The Walls Have Ears (and the Net Has Eyes)
It’s amazing what you can learn about a person on the web—even about folks who have never touched a computer are there, waiting to be discovered.
I was talking with a student today when he commented how he liked this blog. I do not advertise this blog to my students. He, like many web savvy students today, make a habit of doing web searches on their instructors to see what they can learn about them, much the way a prospective employer will do for a job applicant.
I realize this is the reality and therefore am usually fairly careful about personal info I reveal here. I expect that some of my department colleagues have found this site. It is the nature of the beast. Our department graduate office makes a point during TA training to warn TA’s not to write anything in an email they don’t want on the front page of the NY Times.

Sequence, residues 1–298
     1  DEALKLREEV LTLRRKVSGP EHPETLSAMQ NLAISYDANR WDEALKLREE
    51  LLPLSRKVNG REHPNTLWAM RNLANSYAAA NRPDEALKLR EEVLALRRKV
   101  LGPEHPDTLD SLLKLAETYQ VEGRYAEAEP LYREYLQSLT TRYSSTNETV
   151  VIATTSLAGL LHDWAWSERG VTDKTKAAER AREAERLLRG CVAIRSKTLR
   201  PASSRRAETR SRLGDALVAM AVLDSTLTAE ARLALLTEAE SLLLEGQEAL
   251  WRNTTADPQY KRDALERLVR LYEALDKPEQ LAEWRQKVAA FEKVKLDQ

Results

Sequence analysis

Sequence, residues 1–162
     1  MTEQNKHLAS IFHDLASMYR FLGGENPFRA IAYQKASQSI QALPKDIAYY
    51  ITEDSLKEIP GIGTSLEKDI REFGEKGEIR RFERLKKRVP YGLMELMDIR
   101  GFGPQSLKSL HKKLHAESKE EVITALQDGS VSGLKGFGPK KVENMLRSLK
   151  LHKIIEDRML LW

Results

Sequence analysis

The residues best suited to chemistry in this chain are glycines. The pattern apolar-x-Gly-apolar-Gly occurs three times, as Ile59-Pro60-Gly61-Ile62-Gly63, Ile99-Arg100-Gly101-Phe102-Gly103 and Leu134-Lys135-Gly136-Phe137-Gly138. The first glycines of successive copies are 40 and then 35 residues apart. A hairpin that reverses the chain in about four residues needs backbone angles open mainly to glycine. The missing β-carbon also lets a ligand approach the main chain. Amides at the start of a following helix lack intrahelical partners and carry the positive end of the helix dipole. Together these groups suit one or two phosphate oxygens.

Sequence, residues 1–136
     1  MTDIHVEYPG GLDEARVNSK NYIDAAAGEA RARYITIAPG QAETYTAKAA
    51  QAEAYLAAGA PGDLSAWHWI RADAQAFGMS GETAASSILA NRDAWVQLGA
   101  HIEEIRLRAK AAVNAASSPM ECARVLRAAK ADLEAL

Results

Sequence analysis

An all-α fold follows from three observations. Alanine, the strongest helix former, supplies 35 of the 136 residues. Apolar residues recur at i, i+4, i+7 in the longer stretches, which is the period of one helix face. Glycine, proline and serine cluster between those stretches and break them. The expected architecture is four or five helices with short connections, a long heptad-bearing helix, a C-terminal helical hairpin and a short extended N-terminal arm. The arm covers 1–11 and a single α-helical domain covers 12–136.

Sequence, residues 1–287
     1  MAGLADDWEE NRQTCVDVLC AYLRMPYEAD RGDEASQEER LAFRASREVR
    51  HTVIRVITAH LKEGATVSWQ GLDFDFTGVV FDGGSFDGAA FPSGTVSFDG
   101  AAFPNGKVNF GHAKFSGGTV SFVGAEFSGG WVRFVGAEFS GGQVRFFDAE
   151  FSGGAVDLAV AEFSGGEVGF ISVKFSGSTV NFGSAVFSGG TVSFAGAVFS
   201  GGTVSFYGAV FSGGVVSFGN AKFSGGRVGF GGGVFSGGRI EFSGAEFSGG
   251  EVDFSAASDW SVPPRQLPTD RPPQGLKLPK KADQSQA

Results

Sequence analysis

We as faculty have to be tech savvy. It is not enough to simply not be on the web. It is generally better to have a proactive presence on the web and assume that the world can see you, so that you can have some say in what Google lists as the top hits for your name. Also, occasionally do a search on yourself to see what is said about you, as a defensive measure for protecting your reputation. In other words, guard your webutation.
Christ warns as much when He calls us in Matthew 10:16 to be as wise as serpents and innocent as doves, because as He says in Luke 12:2-3, “Everything that is secret will be brought out into the open. Everything that is hidden will be uncovered. What you have said in the dark will be heard in the daylight. What you have whispered to someone behind closed doors will be shouted from the rooftops.”
And to all my students—Watch what you put on facebook. We can do a search on you, too. Asking for that extension, then posting about this weekend’s beer bash is a bad combination! Don’t laugh—it happened! Have a great day! Keep reading here! But that’s not an excuse for turning in your reports late! ;) If you need help, let us know.